"Despite having a resounding mandate from members to introduce more transparency into the party’s finances, I have not received the support or financial information to carry out the fiduciary duties of National Treasurer. Regretfully I have resigned with immediate effect."

(Douglas Chapman MP, announcing his resignation as Treasurer of the SNP.

Also this week Joanna Cherry MP resigned from the SNP national executive citing concerns about "transparency & scrutiny" and Marco Biagi resigned as head of the SNP's independence taskforce.)

Thursday, June 03, 2021

Further vaccination update

Yesterday Britain hit the milestone of 75% of UK adults having had at least one jab - today the milestone that 50% have had both.

Congratulations to all the scientists, doctors, nurses, volunteers and other people involved.

Together we can beat the virus.

Thursday evening music spot: "Evening Hymn" by H. Balfour Gardiner

Vaccination update: 75% of UK adults now protected

More than 75 per cent of UK adults have now received their first Covid-19 vaccine dose - protecting them from the virus as we cautiously move along our roadmap to normality.

  • Thanks to the efforts of the British people and our historic vaccine programme - the most successful in our nation’s history - we are making huge progress in emerging from this devastating pandemic.

  • More than three in four adults across the UK have now received at least one dose of the vaccine, and we remain on track to offer all adults a first dose by the end of July. 

  • And yesterday the Health Secretary set out the global efforts we are taking to work more closely with our international friends and partners to identify early warning signs from animals and the environment.

  • Britain remains committed to supporting equitable access to vaccines worldwide as one of the largest donors to the COVAX facility with over £500 million already committed - helping to distribute 1.3 billion doses of coronavirus vaccine to 92 developing countries so far this year.
  • The case for getting vaccinated is clear, which is why government, the NHS, and medical professionals are encouraging everyone, when you get the call, get the jab, so together we can keep ourselves and our loved ones safe.
  • If you have any issues about your medical circumstances and whether the jab is best for you or a family member, discuss it with your GP or another appropriately qualified medical professional.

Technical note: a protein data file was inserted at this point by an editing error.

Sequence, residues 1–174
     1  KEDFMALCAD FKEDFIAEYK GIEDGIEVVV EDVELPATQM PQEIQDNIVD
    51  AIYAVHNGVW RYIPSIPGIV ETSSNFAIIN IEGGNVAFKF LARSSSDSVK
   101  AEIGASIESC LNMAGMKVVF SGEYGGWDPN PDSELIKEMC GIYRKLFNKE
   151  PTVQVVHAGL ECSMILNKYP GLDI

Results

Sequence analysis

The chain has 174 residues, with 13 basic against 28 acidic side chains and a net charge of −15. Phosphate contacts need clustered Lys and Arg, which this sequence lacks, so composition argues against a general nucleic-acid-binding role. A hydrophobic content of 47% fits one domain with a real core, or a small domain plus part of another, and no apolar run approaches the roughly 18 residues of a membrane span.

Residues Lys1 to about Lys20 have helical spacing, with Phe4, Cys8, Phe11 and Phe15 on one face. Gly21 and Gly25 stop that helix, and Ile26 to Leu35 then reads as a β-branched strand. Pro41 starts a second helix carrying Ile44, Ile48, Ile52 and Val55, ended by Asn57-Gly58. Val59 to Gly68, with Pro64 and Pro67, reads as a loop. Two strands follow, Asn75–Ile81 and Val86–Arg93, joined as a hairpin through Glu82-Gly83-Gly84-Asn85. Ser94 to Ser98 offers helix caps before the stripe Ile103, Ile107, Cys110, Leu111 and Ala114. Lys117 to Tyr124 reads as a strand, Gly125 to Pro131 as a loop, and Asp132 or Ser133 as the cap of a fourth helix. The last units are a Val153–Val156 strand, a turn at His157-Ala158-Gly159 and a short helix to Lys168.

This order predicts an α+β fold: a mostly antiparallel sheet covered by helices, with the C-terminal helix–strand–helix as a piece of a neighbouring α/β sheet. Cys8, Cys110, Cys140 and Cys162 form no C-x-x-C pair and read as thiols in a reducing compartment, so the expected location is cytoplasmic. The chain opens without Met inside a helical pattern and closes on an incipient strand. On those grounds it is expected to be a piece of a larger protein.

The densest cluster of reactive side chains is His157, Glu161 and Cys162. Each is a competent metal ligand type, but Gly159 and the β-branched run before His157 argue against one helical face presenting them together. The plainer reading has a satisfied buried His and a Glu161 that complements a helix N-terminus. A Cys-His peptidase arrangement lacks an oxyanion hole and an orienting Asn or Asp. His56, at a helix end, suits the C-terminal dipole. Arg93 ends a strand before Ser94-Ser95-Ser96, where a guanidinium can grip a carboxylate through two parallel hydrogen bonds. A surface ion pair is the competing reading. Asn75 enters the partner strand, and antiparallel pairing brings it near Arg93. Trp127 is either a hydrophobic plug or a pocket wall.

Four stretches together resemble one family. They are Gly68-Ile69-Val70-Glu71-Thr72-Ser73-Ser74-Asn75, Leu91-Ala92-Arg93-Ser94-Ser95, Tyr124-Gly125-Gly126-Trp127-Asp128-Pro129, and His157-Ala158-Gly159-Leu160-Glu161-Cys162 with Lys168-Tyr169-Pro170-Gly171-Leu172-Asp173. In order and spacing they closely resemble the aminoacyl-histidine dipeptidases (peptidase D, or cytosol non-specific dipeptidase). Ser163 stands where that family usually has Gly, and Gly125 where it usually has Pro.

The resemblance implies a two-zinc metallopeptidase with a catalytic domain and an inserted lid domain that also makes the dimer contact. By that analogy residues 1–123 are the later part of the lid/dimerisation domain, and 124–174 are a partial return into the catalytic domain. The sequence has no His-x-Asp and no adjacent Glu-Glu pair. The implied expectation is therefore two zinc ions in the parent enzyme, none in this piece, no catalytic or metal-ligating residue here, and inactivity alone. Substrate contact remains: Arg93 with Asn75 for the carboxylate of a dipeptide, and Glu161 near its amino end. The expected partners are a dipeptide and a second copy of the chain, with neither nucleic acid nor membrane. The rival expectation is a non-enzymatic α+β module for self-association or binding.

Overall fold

More doctors and nurses in the NHS in England than ever before

We have a record number of doctors working in the NHS in England, the highest-ever recorded level at 124,078. 

We also have a record number of nurses working in the NHS in England, the highest recorded level at 304,542.

Announcing this, Health secretary Matt Hancock said a "Huge thank you to the whole NHS team."

It's worth pointing this out because among the charges that have been made by opponents of the Conservatives at every UK general election since about 1979 and most by elections is that if the Conservatives win we will destroy the NHS, privatise the NHS, sell the NHS to the Americans or at the very least cut the NHS and numbers of doctors and nurses.

The Conservatives have won eight of those general elections and we have not abolished the NHS, sold it to the Americans or cut it - real spending on the NHS has been increased by more than the amount cited in the silly slogan on the side of a certain red bus, though the money has come from taxpayers. As for privatisation, if you mean out-sourcing, the Conservative-led governments since 2010 have increased it more slowly than the last Labour Health Secretary, Andy Burnham (now mayor of Greater Manchester) did.

And on the subject on which I had to put up with the largest single number of unjustified accusations of lying in the comments pages of this blog and my Facebook page during the run up to and aftermath of the 2019 general election, the Conservative manifest commitment to increase the number of nurses, we promised to increase the number of nurses and we are increasing the number of nurses.